One of the clues in this weekend's Sunday Times crossword puzzle was, "They moved from Minnesota to Los Angeles in 1960."
The answer was, "Lakers."
Despite not being a basketball fan, I've probably heard the name of the team over a thousand times in the past two decades. Yet it never once occurred to me that it was a strange name for a team located in a city which is basically an irrigated desert. The name only makes sense if you realize the team originally came from a state which bills itself as "the land of 10,000 lakes."
Most NBA names make perfect sense. The Boston Celtics are based in a town with a large Irish population. (And the team, at least during Larry Bird's heyday, seemed to make an effort to remain the most Caucasian team in the league.) The Philadelphia 76ers, from the home of the Liberty Bell. The Houston Rockets, based in the same city as NASA. The Portland Trailblazers, located where Lewis and Clark ended their expedition. The Detroit Pistons. The Miami Heat. The Charlotte Bobcats. The Minnesota Timberwolves. Etc.
But there are a few names which seem anomalous. The Utah Jazz? That form of music has never been closely associated with Mormons, so the name only makes sense when you find out that the team moved from New Orleans back in 1979.
The Toronto Raptors were formed in 1995. Had there been some significant dinosaur fossil finds there? No, the name of that team was chosen in a nationwide contest, and was evidently influenced by the popularity of the movie Jurassic Park, which came out in 1993.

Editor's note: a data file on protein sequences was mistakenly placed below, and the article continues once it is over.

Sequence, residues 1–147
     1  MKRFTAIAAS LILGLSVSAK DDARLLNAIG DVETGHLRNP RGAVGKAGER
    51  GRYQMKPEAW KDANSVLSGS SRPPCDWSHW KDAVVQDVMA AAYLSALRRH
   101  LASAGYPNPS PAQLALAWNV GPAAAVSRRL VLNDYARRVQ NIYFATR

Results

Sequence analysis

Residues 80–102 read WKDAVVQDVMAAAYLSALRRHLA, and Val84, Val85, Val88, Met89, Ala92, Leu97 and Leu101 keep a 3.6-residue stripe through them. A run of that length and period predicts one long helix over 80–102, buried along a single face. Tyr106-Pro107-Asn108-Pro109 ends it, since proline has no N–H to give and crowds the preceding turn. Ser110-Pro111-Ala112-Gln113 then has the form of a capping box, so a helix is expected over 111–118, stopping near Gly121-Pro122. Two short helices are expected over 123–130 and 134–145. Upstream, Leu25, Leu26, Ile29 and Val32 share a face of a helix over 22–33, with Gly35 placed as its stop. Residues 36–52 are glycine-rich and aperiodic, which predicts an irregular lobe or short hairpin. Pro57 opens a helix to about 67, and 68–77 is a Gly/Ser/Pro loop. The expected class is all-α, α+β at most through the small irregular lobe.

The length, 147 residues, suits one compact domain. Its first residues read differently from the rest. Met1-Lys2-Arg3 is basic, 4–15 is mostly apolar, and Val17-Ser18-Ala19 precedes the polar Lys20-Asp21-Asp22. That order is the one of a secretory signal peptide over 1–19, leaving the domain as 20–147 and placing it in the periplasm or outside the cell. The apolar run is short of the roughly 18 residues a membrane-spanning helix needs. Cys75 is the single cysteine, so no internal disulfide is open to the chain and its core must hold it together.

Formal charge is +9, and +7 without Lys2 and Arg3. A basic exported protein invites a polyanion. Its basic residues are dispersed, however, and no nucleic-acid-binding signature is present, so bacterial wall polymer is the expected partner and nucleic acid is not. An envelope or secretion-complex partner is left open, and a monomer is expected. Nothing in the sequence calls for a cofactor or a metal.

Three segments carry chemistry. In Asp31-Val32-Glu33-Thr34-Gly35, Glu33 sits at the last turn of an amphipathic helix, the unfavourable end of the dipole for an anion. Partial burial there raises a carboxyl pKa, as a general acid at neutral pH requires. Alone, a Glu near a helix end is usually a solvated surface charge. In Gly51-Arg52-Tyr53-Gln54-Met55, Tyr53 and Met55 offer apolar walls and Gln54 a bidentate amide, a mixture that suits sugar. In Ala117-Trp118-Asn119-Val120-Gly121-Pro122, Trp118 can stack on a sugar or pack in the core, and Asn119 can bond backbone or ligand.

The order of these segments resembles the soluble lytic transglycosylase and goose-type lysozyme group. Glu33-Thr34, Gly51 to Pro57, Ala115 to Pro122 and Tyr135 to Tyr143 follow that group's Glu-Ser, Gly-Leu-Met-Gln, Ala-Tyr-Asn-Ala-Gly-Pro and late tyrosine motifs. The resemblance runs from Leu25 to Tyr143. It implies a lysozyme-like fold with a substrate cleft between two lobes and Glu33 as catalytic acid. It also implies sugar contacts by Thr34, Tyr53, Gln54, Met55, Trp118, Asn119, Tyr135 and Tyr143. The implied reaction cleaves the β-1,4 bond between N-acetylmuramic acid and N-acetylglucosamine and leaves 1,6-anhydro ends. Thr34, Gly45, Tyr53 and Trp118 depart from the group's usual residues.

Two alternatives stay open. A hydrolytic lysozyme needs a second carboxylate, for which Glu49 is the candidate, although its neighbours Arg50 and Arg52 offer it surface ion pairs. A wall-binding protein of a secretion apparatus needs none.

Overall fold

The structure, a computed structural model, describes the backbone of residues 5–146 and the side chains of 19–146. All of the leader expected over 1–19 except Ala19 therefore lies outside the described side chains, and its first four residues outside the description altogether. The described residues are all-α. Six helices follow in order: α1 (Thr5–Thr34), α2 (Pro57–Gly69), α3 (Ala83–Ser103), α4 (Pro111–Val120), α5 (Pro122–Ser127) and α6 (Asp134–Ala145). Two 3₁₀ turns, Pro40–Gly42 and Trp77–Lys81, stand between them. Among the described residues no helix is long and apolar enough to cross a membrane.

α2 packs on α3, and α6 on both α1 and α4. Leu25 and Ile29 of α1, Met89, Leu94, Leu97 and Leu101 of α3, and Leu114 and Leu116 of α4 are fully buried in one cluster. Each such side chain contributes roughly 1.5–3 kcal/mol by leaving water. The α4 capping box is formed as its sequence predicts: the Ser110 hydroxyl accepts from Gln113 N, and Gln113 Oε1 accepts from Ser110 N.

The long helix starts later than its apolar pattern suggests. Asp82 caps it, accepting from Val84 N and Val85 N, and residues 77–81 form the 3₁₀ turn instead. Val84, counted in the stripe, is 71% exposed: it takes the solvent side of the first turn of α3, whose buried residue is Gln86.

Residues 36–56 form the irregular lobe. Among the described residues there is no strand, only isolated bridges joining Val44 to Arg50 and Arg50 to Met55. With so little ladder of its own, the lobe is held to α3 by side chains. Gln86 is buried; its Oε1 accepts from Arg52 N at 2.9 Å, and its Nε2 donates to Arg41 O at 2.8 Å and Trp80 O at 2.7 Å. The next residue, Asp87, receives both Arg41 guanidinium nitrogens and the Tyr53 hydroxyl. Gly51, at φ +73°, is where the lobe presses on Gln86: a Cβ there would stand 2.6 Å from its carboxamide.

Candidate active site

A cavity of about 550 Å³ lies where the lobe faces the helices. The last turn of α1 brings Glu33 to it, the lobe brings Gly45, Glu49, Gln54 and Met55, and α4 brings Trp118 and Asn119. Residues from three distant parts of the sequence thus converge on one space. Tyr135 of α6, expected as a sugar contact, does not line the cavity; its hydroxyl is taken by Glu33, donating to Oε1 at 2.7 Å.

The Memphis Grizzlies? Tennessee has black bears, but no grizzlies. However, naming your basketball team the Memphis Blacks would hardly seem to distinguish it from any other NBA team. The answer: they moved from Vancouver in 2001.
I never really questioned the name of the Cleveland Cavaliers, assuming that the alliterative aspect was key there, along with the common "v," "l," and "e." Look up "cavalier" in the Free Online Dictionary and you'll get the following two definitions for nouns: "A gallant or chivalrous man," and "a supporter of Charles I of England in his struggles against Parliament." Ironically, as an adjective it means "showing arrogant or offhand disregard," which is antithetical to the first meaning of the noun. In any case, the name was chosen in a contest run by the city's Plain Dealer. It's doubtful that many Ohioans felt a strong connection with Charles I, so it's a safe bet they were thinking more in terms of chivalry. (LeBron, on the other hand, seems more taken with the adjective.)
The Washington Wizards changed their name from the Bullets in 1997. It is understandable that a team based in a city which for a time rivaled Detroit as the murder capital of the country would want to eschew any violent connotations. So they had a contest to determine the name, and as seems to be the case with such contests, ended up with a name which had nothing to do with the city itself.
The most interesting thing about this to me is how I never once questioned the name of the Lakers. I just accepted it at face value the way I unthinkingly accept so much of what I hear.